Confidence and positivity

We like confident people. They reassure us that someone – anyone – is in control. They lead us to believe that we can learn everything we want to know. We follow the confident because we think they have a destination and we know that any destination is better than none. Those who lack confidence are navel-gazers. Introspective, risk-averse, clinging, they make us squirm with a mixture of distaste and pity.

Self-confidence is largely a mirage. Watch any group of workers on a site and you will see that one person is making progress, the rest are watching. The progress-maker is taking decisions and implementing them. S/he is the driver of the situation. They are accepted in that role because they are confident. They are leaders because their behaviour, words and body-language convince their followers that they know what they are doing. Most leaders have no more idea of what they are doing in totally unfamiliar situations than you or I.

Making it up as you go along is the sign of a good leader. Certainly s/he has to have an intelligent and reasonable approach to the problems and opportunities that crop up. They have to be imaginative and creative to see all the options. But above all they have to demonstrate confidence. Do you do that? If so, how? Trump does it too, doesn’t he?

Like everything in life moderation is what makes things work. Excess always spoils them. This is true of confidence and positivity. What makes us able to show the way to others includes an awareness that, however confident we appear, we know that we can be wrong. The true leader is one who says “It may not be the right way but it is the way we are going” – and is followed. A decision is a destination by another name.

The single biggest contribution to confidence is stimulus and stimulus comes from perceiving, asking, listening, imagining and jumping. If we don’t perceive what is going on around us, physically in the near-term and internationally in the wider-term, we lose the best source of stimulus we have. If we don’t ask questions and listen to the answers we miss a source of learning that is readily available and mostly free. If we don’t use our creative imagination we confine ourselves to a narrow, often dark, tunnel with no escape.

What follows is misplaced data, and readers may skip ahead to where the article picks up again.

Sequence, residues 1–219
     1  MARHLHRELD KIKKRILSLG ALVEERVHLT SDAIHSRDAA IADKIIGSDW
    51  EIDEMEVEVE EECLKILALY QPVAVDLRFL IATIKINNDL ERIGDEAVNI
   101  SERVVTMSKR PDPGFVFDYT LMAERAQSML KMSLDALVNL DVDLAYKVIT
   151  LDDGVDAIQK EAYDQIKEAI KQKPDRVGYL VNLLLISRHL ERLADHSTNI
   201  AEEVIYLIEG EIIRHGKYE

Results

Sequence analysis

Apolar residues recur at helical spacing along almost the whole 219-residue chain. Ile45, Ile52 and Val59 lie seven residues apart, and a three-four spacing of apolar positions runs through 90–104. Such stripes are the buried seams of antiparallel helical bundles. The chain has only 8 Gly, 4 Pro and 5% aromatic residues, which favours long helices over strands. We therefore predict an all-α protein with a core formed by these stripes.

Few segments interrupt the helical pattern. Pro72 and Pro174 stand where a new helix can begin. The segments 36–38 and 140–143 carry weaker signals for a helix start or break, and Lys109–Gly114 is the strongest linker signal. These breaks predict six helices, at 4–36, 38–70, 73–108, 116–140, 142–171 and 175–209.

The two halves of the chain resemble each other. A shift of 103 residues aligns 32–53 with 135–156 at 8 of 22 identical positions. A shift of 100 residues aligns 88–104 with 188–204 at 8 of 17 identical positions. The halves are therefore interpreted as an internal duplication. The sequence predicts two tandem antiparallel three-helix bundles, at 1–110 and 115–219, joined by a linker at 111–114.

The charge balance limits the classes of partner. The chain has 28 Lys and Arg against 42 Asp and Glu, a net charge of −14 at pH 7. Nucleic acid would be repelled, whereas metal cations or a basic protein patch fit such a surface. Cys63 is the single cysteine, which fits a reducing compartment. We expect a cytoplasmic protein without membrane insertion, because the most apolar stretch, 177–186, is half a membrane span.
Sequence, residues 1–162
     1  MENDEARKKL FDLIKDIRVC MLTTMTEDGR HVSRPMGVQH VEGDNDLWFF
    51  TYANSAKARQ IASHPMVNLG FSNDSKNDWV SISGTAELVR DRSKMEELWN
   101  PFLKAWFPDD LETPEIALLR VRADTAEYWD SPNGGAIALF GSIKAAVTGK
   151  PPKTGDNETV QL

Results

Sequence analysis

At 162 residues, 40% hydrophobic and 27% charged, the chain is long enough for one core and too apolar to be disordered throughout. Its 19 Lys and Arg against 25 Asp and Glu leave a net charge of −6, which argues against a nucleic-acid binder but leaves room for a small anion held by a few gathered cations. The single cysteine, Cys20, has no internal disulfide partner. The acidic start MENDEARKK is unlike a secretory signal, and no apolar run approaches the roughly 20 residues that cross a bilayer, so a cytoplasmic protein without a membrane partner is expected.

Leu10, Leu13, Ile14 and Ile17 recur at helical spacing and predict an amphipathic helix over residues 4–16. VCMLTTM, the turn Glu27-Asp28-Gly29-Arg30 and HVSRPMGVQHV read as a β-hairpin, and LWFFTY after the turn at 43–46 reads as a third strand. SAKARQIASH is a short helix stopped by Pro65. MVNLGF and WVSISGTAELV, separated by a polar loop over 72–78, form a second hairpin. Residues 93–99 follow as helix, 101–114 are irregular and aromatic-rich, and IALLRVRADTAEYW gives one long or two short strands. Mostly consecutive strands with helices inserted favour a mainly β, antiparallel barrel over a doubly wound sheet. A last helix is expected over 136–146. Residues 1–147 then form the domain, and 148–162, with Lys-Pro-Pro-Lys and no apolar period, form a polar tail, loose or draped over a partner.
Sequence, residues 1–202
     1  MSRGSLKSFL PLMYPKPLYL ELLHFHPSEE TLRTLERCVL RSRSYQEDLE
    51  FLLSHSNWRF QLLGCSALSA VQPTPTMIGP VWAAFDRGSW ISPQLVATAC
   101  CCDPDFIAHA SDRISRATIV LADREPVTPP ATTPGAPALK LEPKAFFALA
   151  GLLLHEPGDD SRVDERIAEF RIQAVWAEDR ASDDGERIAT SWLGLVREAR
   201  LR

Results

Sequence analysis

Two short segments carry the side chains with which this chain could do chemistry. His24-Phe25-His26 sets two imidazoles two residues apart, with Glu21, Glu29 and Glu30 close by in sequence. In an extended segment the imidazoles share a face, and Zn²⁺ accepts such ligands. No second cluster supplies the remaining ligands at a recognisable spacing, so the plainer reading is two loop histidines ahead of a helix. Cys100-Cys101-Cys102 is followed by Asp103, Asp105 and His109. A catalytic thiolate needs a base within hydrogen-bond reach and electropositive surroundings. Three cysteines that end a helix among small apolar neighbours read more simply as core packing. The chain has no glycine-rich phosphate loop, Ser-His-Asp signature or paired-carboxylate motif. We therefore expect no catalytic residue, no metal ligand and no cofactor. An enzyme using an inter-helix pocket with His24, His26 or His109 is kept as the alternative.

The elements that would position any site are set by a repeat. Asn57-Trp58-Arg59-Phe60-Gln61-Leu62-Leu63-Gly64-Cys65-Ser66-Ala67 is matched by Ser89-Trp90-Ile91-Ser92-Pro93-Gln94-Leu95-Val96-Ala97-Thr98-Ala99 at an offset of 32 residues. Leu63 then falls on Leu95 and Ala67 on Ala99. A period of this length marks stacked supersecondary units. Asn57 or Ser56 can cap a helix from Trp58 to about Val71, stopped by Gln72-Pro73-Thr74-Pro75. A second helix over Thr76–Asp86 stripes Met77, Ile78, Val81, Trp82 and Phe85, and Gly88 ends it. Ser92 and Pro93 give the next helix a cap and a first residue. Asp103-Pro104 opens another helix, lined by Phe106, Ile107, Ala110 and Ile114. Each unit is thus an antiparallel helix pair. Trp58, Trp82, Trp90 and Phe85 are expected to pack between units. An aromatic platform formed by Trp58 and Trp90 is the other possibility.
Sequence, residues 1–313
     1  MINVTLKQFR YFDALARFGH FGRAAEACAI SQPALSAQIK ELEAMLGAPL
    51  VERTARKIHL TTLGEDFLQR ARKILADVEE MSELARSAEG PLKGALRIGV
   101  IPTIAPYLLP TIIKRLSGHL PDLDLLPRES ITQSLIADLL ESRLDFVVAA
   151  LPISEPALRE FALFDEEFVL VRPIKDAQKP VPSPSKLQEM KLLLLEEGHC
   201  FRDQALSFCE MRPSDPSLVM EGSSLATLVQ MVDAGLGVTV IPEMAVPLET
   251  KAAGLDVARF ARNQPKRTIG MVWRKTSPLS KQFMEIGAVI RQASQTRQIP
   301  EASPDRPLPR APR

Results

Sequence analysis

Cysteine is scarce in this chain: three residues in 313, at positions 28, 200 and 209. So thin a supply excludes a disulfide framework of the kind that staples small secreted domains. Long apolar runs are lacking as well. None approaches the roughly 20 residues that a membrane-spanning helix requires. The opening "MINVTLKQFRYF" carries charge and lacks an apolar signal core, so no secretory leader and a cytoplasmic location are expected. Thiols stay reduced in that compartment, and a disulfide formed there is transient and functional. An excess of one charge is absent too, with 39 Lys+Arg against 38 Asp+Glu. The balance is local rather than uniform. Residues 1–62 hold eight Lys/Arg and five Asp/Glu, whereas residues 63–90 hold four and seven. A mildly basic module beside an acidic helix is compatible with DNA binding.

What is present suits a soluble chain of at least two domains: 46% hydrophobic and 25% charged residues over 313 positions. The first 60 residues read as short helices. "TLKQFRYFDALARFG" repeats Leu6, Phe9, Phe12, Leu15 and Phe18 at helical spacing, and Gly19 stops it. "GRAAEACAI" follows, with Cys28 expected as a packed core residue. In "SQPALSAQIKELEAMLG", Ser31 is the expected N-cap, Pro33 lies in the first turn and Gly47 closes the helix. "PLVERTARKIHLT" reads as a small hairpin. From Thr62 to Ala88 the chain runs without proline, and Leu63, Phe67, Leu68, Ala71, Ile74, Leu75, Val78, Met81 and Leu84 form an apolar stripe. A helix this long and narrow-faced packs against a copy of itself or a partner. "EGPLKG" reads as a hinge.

So what is the ‘jumping’ in this equation? Clearly the expression describes risk. ‘Make a leap’ is a euphemism for implementing a risky decision. I use the word more literally than that. Before I negotiate a deal that I think is important I go into a room by myself and jump up and down for five minutes. This has the effect of increasing my blood circulation and pumping lots of adrenaline into my system. It makes me alert, ready to take on any roadblock I many come across. It has worked remarkably well.

So what is the Trump factor that seems to deny what I have said?

It is an excess of confidence, coupled with breathtaking stupidity and it leads inexorably to loss of confidence. “They told him that it couldn’t be done; he said there was nothing to it. So he tackled that thing that couldn’t be done – and couldn’t do it”. Trying subsequently to pass the blame to others compounds loss of confidence. In the end the perpetrator is seen as a buffoon, a situation from which it is difficult to recover.

But not impossible. You see good thinkers maturing all the time. They trip up now and then but soon get going again. If they deal with it correctly, their fall gives them more confidence, not less. Because confidence is a mirage.

And it can be yours just as easily as it can be anyone’s.

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